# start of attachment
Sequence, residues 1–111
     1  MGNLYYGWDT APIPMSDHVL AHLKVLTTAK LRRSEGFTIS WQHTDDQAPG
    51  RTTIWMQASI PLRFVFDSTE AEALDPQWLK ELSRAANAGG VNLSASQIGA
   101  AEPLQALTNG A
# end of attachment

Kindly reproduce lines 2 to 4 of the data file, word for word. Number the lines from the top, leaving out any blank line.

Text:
     1  MGNLYYGWDT APIPMSDHVL AHLKVLTTAK LRRSEGFTIS WQHTDDQAPG
    51  RTTIWMQASI PLRFVFDSTE AEALDPQWLK ELSRAANAGG VNLSASQIGA
   101  AEPLQALTNG A